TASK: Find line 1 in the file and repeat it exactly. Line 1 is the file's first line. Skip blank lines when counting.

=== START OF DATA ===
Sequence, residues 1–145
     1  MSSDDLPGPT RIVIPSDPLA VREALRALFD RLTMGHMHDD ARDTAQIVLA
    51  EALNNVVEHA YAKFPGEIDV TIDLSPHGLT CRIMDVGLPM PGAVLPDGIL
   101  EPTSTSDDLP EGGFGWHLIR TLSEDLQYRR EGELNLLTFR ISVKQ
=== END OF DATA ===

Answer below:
Sequence, residues 1–145